6. ^ Hamilton, William (1978). The Macmillan Book of Canadian Place Names. Toronto: Macmillan. p. 26. ISBN 0-7715-9754-1.
  7. ^ a b Brown, Richard. "A Town Bypassed: Grouard, Alberta, and the Building of the Edmonton, Dunvegan and British Columbia Railway". The Archivist. Ottawa: National Archives of Canada (17). ISSN 0705-2855. Retrieved June 12, 2011.
  8. ^ a b "Town of High Prairie". Town of High Prairie. Retrieved September 28, 2011.
  9. ^ "Table 5: Population of urban centres, 1916-1946, with guide to locations". Census of the Prairie Provinces, 1946. Vol. I: Population. Ottawa: Dominion Bureau of Statistics. 1949. pp. 397–400.
  10. ^ "Table 6: Population by sex, for census subdivisions, 1956 and 1951". Census of Canada, 1956. Vol. I: Population. Ottawa: Dominion Bureau of Statistics. 1958.
  11. ^ "Table 9: Population by census subdivisions, 1966 by sex, and 1961". 1966 Census of Canada. Western Provinces. Vol. Population: Divisions and Subdivisions. Ottawa: Dominion Bureau of Statistics. 1967.
  12. ^ "Table 3: Population for census divisions and subdivisions, 1971 and 1976". 1976 Census of Canada. Census Divisions and Subdivisions, Western Provinces and the Territories. Vol. Population: Geographic Distributions. Ottawa: Statistics Canada. 1977.
  13. ^ "Table 2: Census Subdivisions in Alphabetical Order, Showing Population Rank, Canada, 1981". 1981 Census of Canada. Vol. Census subdivisions in decreasing population order. Ottawa: Statistics Canada. 1982. ISBN 0-660-51563-6.
  14. ^ "Table 2: Population and Dwelling Counts, for Census Divisions and Census Subdivisions, 1986 and 1991 – 100% Data". 91 Census. Vol. Population and Dwelling Counts – Census Divisions and Census Subdivisions. Ottawa: Statistics Canada. 1992. pp. 100–108. ISBN 0-660-57115-3.
  15. ^ "Population and Dwelling Counts, for Canada, Provinces and Territories, and Census Divisions, 2001 and 1996 Censuses – 100% Data (Alberta)". Statistics Canada. Retrieved May 25, 2019.
  16. ^ "Population and dwelling counts, for Canada, provinces and territories, and census subdivisions (municipalities), 2006 and 2001 censuses – 100% data (Alberta)". Statistics Canada. January 6, 2010. Retrieved May 25, 2019.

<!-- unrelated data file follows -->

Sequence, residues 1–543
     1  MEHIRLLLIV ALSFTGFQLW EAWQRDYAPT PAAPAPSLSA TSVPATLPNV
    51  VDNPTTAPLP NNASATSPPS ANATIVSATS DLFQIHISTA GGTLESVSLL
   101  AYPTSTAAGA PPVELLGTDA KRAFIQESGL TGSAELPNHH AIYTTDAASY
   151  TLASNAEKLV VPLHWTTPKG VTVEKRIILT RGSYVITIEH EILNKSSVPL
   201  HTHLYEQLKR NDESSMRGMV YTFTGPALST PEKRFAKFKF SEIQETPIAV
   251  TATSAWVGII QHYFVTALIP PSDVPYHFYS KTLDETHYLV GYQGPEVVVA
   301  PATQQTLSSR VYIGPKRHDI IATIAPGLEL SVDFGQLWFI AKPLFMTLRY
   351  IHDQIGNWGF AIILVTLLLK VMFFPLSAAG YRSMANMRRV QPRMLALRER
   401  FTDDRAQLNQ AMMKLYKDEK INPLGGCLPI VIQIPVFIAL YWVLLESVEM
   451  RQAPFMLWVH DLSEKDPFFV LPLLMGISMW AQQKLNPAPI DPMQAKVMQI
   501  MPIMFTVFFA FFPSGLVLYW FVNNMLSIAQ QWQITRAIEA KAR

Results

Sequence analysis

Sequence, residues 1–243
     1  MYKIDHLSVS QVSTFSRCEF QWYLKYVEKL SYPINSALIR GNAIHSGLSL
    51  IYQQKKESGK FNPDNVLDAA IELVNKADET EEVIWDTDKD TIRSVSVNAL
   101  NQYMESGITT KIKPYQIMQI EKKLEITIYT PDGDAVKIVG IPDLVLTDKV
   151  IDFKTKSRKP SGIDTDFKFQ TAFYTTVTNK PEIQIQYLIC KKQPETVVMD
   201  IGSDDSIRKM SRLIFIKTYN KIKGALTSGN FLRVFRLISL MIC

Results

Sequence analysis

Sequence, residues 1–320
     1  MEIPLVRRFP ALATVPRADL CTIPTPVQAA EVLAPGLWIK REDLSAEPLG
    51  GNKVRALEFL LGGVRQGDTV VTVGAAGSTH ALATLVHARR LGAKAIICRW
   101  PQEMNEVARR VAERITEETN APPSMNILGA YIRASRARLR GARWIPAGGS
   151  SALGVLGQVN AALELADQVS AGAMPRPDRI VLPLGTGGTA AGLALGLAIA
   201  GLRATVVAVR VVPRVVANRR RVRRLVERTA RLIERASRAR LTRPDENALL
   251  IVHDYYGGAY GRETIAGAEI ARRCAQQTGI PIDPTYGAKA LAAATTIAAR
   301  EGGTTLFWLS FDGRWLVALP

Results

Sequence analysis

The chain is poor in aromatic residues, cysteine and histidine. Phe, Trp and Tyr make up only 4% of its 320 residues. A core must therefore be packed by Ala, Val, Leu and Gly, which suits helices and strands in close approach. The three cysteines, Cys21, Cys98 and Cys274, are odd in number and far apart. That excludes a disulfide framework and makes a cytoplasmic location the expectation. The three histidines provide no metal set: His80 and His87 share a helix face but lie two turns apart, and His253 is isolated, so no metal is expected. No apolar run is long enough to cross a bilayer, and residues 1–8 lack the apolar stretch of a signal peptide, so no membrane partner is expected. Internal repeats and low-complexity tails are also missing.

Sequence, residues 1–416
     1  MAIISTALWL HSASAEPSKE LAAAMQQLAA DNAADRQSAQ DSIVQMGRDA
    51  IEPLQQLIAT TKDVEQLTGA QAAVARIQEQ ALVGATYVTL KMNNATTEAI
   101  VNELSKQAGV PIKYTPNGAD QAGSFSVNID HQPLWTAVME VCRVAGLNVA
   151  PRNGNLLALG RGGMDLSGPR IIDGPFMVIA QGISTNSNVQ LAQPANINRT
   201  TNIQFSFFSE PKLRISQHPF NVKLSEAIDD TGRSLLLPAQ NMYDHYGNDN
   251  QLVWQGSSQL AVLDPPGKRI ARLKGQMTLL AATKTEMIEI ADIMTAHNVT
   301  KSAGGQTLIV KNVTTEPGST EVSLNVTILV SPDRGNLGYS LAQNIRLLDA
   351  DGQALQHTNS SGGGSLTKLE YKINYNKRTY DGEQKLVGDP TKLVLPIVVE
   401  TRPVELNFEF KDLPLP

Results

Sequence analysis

17. ^ a b "Population and dwelling counts, for Canada, provinces and territories, and census subdivisions (municipalities), 2016 and 2011 censuses – 100% data (Alberta)". Statistics Canada. February 8, 2017. Retrieved February 8, 2017.
  18. ^ Alberta Redistribution Commission. "Alberta Electoral Districts". Retrieved February 1, 2014.
  19. ^ a b c "Update about health care services for High Prairie physicians, community partners and residents" (PDF). Alberta Health Services (AHS) (Press release). October 31, 2014. Retrieved March 4, 2022.
  20. ^ . June 2017 https://www.albertahealthservices.ca/news/releases/2017/Page13897.aspx. Retrieved March 4, 2022. ((cite news)): Missing or empty |title= (help)
  21. ^ Clegg, Chris (February 10, 2022). "New doctor". South Peace News. Retrieved March 4, 2022.
  22. ^ Clegg, Chris (October 2, 2018). "Thank you, Dr. Laughlin!". South Peace News. Retrieved March 4, 2022.
  23. ^ Clegg, Chris (February 22, 2022). "Editorial – We have all failed". South Peace News. Retrieved March 4, 2022.
  24. ^ Clegg, Chris (February 10, 2022). "Editorial – We have all failed". South Peace News. Retrieved March 4, 2022.
  25. ^ "cheyanne turions". Chicago Architecture Biennial. Retrieved August 24, 2019.
  26. ^ Communities in Bloom Archived September 27, 2007, at the Wayback Machine - Participants
  27. ^ Lila MacLellan (March 27, 2015). "A new way to attract tourists: fake accents and dying languages". Quartz. Retrieved February 22, 2020.